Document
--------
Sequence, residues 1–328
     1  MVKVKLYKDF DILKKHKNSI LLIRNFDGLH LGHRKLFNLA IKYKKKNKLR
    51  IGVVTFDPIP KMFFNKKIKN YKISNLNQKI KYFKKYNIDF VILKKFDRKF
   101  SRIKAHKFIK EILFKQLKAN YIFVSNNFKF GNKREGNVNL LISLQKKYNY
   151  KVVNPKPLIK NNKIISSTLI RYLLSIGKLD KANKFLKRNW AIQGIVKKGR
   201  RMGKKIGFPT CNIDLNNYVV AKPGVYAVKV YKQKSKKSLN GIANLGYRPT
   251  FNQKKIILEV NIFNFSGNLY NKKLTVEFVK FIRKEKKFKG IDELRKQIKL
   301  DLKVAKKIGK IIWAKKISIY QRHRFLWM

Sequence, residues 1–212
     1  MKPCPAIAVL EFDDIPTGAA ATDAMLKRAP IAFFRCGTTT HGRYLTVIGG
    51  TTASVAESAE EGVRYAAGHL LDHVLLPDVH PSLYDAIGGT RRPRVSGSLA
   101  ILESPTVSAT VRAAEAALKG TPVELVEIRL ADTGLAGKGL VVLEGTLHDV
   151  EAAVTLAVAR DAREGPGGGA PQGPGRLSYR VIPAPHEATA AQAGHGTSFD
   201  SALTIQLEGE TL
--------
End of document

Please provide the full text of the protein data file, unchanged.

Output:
Sequence, residues 1–328
     1  MVKVKLYKDF DILKKHKNSI LLIRNFDGLH LGHRKLFNLA IKYKKKNKLR
    51  IGVVTFDPIP KMFFNKKIKN YKISNLNQKI KYFKKYNIDF VILKKFDRKF
   101  SRIKAHKFIK EILFKQLKAN YIFVSNNFKF GNKREGNVNL LISLQKKYNY
   151  KVVNPKPLIK NNKIISSTLI RYLLSIGKLD KANKFLKRNW AIQGIVKKGR
   201  RMGKKIGFPT CNIDLNNYVV AKPGVYAVKV YKQKSKKSLN GIANLGYRPT
   251  FNQKKIILEV NIFNFSGNLY NKKLTVEFVK FIRKEKKFKG IDELRKQIKL
   301  DLKVAKKIGK IIWAKKISIY QRHRFLWM

Sequence, residues 1–212
     1  MKPCPAIAVL EFDDIPTGAA ATDAMLKRAP IAFFRCGTTT HGRYLTVIGG
    51  TTASVAESAE EGVRYAAGHL LDHVLLPDVH PSLYDAIGGT RRPRVSGSLA
   101  ILESPTVSAT VRAAEAALKG TPVELVEIRL ADTGLAGKGL VVLEGTLHDV
   151  EAAVTLAVAR DAREGPGGGA PQGPGRLSYR VIPAPHEATA AQAGHGTSFD
   201  SALTIQLEGE TL